Saturday, July 9, 2011

Back to the States!


Past- 2? 3?- weeks have been fantastic. Spent another couple of nights in London at the end of my time in England; did some touristy things (saw the Tower of London, London Bridge) and watched a lot of Prison Break (for some reason).
Then, finally, off to Berlin! I hadn't realized, but it had been two months since I had seen Mwanzaa. In retrospect, I'm not sure how I managed to make it through for that long. Most of my time in Berlin was spent indoors; lots of days I/ we didn't leave the apartment before 1 pm. Nice and relaxing time. Got to hang out with Carlie a bit more (one of Mwanzaa's friends on the study abroad program, also a vegetarian). We didn't end up going clubbing or really "out" at all while I was there (went out for lots of meals, of course, but no partying in the evening). We did attend the gay pride parade (called the Columbus Street Day Parade, or something, in honor of Columbus Street in NYC where the pride parade is). Fun; nice, relaxed atmosphere, and lots of pretty outrageous costumes.
Then we went to Paris for 4 days. (You know, the usual). We stayed 3 of the 4 nights in this really nice little studio apartment in Oberkampf, which we got a pretty good price on. I definitely preferred doing a short-term apartment rental over a hotel; it was nice to have a space that really felt like our own to come back to. I also did a lot more walking that I had really ever done when studying abroad; it was interesting to see the proximity of areas that I was familiar with, but had never walked between. We were only about 20 minutes on foot from the Marais, so we went down there and got falafel at L'As du Falafel (of course). Also went to the Centre Pompidou, Louvre, and we made sure we got to the Cluny museum to see the exhibition "L'EpÈe" (The Sword). Had crÍpes, LOTS of pastries, baguette sandwiches, and some generally delicious dinners. I forget how much I like Paris when I'm not there by myself.
After Mwanzaa headed back to Berlin on Monday, I headed to play some ultimate with the team I had played with when I studied abroad and at the beach ultimate tournament this trip. Their season is mostly over, so we just had a scrimmage (after some pretty intense warm-ups). I met a girl, Clare, who is studying abroad, and who goes to Smith; we chatted for a while. Spent that night and last night at Justin's studio apartment (he's on the Ultimate team, the guy I got to know best when we were at the tournament in Italy). Hung out with him, Clare, and some other English-speakers at a bar last night. Meeting new people is really fun when a) I'm not anxious about my ability to speak the language and b) they're open and friendly (and c) when we have a mutual friend there). Fortunately, all these criteria were met, so it was quite a fun evening.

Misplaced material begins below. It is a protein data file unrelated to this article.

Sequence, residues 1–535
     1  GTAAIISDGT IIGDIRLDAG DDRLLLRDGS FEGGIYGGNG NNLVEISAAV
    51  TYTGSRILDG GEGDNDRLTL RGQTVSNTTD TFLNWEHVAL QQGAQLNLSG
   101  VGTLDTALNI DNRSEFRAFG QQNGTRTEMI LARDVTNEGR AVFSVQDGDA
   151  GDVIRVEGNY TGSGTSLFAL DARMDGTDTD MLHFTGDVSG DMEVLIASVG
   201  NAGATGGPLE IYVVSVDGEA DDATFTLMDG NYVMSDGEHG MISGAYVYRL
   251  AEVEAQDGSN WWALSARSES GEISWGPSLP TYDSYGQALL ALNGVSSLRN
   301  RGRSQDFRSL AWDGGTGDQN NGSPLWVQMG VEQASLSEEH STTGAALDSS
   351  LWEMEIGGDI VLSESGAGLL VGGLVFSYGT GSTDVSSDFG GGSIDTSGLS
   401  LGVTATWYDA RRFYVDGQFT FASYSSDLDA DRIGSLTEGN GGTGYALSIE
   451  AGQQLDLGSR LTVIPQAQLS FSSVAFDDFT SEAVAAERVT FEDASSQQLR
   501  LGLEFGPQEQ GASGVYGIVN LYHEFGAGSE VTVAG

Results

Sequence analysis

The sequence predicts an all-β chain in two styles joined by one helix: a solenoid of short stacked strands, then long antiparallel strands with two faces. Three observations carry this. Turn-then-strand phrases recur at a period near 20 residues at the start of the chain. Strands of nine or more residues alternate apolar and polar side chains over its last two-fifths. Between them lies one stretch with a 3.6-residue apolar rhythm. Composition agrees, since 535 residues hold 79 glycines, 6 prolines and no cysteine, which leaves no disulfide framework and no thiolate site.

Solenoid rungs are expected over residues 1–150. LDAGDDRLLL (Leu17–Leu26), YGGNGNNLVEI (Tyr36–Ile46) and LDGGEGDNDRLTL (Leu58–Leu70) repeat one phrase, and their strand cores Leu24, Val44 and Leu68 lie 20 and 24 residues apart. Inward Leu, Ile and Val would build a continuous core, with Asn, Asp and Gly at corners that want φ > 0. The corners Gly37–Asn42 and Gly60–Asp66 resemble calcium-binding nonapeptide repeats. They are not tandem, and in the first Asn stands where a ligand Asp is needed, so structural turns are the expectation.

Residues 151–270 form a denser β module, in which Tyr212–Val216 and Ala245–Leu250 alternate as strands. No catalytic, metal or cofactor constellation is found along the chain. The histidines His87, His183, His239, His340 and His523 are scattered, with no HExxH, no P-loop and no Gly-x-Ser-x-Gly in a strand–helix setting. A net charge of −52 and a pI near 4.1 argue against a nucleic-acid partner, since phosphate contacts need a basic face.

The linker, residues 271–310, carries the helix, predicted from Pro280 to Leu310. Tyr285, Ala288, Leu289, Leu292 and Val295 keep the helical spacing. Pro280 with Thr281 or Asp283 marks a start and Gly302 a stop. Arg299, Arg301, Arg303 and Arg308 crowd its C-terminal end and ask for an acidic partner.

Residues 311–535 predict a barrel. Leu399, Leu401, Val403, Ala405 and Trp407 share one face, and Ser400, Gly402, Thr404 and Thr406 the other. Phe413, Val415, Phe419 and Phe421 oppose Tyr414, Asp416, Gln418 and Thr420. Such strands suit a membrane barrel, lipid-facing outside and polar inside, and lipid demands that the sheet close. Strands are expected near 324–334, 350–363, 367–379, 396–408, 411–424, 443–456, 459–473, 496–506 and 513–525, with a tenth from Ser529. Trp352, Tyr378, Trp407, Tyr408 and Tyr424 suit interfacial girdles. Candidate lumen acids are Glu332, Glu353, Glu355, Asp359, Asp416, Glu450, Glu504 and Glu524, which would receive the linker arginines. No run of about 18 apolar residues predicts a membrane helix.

And now, here I am sitting on the plane on the runway at Charles de Gaulle Airport! And not only that, but in seat 2B- Business Class! When I was booking my tickets for France, I was using frequent flyer miles; I discovered that for 75,000 miles I would have an Economy ticket both ways, but for 80,000 I could fly back Business Class. Which of course, I went for. So far, it's been nice- got to go to the short lines for Passport Control and Security. Unfortunately didn't have enough time to visit the lounge (I likely would have if I hadn't had to spend an hour going back to the apartment where Mwanzaa and I stayed to pick up the pair of eyeglasses I had left there...). On board, I've already had a glass of champagne, but the real advantage is the leg room- even with legs as long as mine, I can stretch them out fully in front of me, which is basically impossible on any other flight or train ride I've been on (at least, since I've been above 5'6" in height...).

Will update this post after with the rest of the niceties offered to me.

Live-blogging style (as requested by Dan):

2:55 pm The mixed nuts are served in a ceramic dish, and they've actually been warmed.
3:06 pm A small tablecloth on my fold-out table before the meal is served.
3:15-40 pm: Meal consisting of: Appetizer of shrimp with quinoa and a carrot ginger soup, Salad (a real one, with olives and feta cheese), Main course (the weakest- basically pasta with fancy-ish tomato sauce; the other options looked tastier but all had meat. The woman sitting next to me remarked that it "wasn't the best pasta she's had." I refrained from pointing out that it was pretty damn good for airline food; I kind of think she hasn't flown Economy class maybe ever). And finally dessert: cheese (3 kinds), fresh fruit, ice cream, and lemon tart. Don't worry: it's all been photo-documented.
Also they served wine, though they did card me, which I found amusing- apparently American drinking age applies when you're headed to America?

Part II: